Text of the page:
WALTER SICKERT | ITSLIQUID

WALTER SICKERT

Art | August 24, 2022 |

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Image courtesy of Tate Britain

Walter Sickert
Tate Britain, London
April 28 – September 18, 2022

This week, Tate Britain opens London’s biggest retrospective of Walter Sickert (1860-1942) in almost 30 years. A master of self-invention and theatricality, Sickert took a radically modern approach to painting in the late 19th and early 20th centuries, transforming how everyday life was captured on canvas.

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Image courtesy of Tate Britain

This major exhibition features over 150 of his works from over 70 public and private collections, from scenes of rowdy music halls to ground-breaking nudes and narrative subjects. Spanning Sickert’s six-decade career, it uncovers the people, places and subjects that inspired him and explores his legacy as one of Britain’s most distinctive, provocative, and influential artists.

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Image courtesy of National Museums NI, Ulster Museum Collection

Highlights include 10 of Sickert’s iconic self-portraits, from the start of his career to his final years. For the first time, these portraits are brought together from collections across the UK and internationally, including the National Portrait Gallery in London, the Ashmolean Museum in Oxford, and the Art Gallery of Hamilton in Canada. The variety of different personas adopted by Sickert over the years is shown together – a legacy of his early life as an actor – and how his complex personality evolved on the canvas throughout his career.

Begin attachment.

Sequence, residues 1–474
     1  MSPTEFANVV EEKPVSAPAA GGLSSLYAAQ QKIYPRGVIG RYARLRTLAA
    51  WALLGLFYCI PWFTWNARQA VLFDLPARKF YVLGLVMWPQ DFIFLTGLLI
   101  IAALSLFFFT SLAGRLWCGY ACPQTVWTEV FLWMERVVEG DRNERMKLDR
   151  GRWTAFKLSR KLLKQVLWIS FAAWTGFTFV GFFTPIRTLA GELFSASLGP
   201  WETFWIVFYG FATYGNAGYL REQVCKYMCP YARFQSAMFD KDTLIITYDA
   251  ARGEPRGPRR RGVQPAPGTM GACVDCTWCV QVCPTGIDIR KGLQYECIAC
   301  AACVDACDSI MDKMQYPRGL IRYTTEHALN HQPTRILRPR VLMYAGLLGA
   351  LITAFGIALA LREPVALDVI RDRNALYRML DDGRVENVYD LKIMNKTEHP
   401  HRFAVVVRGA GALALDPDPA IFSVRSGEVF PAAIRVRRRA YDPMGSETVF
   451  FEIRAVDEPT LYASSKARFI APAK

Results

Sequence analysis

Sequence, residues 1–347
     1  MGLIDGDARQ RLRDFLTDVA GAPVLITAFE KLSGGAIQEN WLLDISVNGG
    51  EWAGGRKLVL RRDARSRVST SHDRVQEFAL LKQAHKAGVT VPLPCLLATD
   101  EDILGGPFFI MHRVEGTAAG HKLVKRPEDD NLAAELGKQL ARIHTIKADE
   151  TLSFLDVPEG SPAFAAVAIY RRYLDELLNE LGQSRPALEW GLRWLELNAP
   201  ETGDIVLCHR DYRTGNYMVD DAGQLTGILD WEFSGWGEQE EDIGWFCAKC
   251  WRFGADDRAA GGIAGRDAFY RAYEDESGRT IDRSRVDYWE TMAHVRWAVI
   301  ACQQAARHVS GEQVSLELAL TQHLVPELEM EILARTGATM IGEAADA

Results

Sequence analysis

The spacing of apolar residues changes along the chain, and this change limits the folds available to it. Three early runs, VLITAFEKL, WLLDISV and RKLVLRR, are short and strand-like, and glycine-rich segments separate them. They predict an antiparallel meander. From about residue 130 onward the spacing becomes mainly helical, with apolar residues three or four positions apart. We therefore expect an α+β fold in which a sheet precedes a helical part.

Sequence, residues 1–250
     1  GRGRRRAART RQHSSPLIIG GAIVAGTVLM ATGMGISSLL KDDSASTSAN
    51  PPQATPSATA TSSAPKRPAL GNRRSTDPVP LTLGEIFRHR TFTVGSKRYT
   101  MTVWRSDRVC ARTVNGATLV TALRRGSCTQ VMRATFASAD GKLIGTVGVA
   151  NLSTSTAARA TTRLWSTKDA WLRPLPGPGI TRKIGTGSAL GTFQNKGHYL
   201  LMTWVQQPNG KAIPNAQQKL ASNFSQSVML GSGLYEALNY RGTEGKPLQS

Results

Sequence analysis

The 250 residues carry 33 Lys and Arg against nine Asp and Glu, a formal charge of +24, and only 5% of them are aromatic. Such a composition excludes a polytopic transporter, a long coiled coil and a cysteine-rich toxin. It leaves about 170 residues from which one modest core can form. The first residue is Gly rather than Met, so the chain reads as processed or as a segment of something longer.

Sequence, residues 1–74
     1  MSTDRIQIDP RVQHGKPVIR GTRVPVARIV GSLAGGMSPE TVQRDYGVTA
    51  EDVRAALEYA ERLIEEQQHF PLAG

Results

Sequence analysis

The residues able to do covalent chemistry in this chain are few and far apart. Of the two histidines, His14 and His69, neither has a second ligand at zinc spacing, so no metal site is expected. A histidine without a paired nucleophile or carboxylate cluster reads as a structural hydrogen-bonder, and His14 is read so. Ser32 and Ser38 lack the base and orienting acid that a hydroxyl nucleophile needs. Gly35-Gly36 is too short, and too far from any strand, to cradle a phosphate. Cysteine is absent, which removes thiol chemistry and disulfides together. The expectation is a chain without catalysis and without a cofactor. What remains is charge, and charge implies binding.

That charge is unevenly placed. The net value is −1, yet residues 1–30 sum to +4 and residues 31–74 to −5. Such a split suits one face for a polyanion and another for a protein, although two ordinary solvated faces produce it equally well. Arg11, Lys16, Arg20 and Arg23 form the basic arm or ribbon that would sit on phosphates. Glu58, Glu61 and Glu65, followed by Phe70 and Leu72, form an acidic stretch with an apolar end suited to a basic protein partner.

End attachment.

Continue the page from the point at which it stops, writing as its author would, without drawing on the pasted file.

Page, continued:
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Image courtesy of Tate Britain

Sickert‘s interest in the stage is also reflected in one of his favorite artistic subjects: the music hall. His dramatic images of performers and audiences often captured together from unusual and spectacular angles, evoked the energy of working-class city nightlife.

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Image courtesy of Tate Britain

The exhibition examines Sickert’s British and French music hall subjects together through over 30 atmospheric paintings and drawings of halls in London and Paris, including The Old Bedford 1894-5, Gaité Montparnasse 1907 and Théâtre de Montmartre c.1906 as well as depictions of famous performers such as Minnie Cunningham and Little Dot Hetherington. Although these subjects were deemed inappropriate by much of the British art world at the time, they took inspiration from the café-concert subjects of celebrated French artists such as Edouard Manet and the ballet subjects of Edgar Degas, a close friend and major influence on Sickert after they met in Paris in the 1880s.

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Image courtesy of Tate Britain